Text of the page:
Monday 26 June 2017

Central Station

(June 2017)

Central Station is a mid-future cyberpunkesque novel comprised of a dozen or so chapters, many of which were originally published as stand-alone short stories. They’ve obviously been reworked fairly carefully (or, more generously, were originally written with a very clear eye on the big picture), and for all that there is something of a central plot running through the book, its focus is very much on these interlinked vignettes exploring migration and belonging, faith and memory.

Given the plaudits this book has received (including, as I format this for the blog, winning the Campbell Award), I was going to try and do one of my rare ‘proper’ write ups. You know the drill: intro, plot summary, thesis, evidence, conclusion. However, as I sit here, quite apart from the normal angst about what I could possibly add to what’s already been written about this, I’m having a hell of a time just trying to get down any sort of plot summary at all. It’s not that the plot is labyrinthine, exactly, and it’s not that there isn’t one, it’s just that the plot is so very clearly incidental to everything else that’s going on here that it seems almost redundant to even try to capture it.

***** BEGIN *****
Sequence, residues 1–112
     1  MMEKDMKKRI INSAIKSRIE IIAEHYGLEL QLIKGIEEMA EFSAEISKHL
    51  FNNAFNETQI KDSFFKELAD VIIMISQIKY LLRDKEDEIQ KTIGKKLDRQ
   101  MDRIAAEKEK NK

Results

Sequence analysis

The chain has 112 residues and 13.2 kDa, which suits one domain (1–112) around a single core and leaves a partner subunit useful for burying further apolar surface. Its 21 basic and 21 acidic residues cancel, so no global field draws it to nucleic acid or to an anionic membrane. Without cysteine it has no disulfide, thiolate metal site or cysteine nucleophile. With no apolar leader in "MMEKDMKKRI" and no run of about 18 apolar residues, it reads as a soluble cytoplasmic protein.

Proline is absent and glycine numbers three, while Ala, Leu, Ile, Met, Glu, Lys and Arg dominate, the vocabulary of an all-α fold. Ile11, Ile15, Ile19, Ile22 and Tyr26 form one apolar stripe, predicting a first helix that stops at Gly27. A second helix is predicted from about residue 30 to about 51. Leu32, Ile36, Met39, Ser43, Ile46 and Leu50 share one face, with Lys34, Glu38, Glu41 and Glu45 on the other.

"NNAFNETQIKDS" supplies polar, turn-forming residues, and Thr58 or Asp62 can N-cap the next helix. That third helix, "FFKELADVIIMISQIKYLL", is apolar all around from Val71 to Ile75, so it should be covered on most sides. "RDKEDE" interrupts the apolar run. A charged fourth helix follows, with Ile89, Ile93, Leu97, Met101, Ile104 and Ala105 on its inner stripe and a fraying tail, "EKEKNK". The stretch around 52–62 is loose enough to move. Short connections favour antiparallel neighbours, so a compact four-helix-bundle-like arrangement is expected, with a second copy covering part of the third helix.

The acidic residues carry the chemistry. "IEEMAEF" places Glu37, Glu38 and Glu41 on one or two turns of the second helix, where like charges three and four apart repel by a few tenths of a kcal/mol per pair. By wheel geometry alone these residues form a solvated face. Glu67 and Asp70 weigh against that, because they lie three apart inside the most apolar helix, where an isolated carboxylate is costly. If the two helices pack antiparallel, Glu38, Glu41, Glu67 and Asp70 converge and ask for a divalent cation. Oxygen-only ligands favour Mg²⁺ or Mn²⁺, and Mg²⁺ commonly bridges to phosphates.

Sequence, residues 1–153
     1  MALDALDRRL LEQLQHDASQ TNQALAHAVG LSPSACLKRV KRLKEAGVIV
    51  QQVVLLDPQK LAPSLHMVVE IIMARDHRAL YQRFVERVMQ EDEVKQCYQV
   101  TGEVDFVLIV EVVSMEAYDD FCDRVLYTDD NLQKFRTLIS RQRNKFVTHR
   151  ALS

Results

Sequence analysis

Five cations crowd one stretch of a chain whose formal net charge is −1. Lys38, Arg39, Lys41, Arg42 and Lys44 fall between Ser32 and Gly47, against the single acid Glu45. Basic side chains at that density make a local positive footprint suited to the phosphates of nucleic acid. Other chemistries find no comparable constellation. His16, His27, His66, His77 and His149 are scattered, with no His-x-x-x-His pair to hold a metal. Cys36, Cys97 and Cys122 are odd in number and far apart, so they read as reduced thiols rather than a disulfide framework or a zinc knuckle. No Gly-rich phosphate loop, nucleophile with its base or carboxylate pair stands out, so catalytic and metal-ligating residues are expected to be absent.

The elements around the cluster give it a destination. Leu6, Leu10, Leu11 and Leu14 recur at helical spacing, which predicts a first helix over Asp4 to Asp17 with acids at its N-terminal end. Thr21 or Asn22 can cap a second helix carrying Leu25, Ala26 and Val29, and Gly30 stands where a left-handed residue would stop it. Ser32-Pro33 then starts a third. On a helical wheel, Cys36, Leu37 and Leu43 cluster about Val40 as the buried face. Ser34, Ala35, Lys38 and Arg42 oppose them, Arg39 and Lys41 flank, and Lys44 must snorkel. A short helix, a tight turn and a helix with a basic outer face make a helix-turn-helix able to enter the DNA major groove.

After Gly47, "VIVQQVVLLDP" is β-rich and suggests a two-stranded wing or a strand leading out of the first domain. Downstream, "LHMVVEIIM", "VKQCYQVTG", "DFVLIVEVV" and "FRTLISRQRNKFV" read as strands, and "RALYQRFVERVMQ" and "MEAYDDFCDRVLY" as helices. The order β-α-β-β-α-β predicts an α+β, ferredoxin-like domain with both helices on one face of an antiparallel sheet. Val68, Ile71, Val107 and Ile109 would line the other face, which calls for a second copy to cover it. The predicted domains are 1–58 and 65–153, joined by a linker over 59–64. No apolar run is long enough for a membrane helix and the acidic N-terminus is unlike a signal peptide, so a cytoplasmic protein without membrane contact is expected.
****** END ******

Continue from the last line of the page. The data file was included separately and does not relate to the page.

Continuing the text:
The default then is to talk about setting or themes, but here too there’s almost too much to fairly relate. As metaphors go, stations are fairly obvious proxies for borders and change, and Tidhar milks this for all it’s worth (I say this as a compliment). He’s clearly of the ‘melting pot’ school of cultural conjunction, and, having thrown in techno-vampires, robo-priests, VR economies, and all and everything else it’s hard to know where to start. I’ve been trying here now for almost three hundred words, in the vain hope that some sort of path would present itself through the writing, but in the absence of anything emerging I’ll merely say that this is very good and leave it at that. You should probably read it.

No comments:

Post a Comment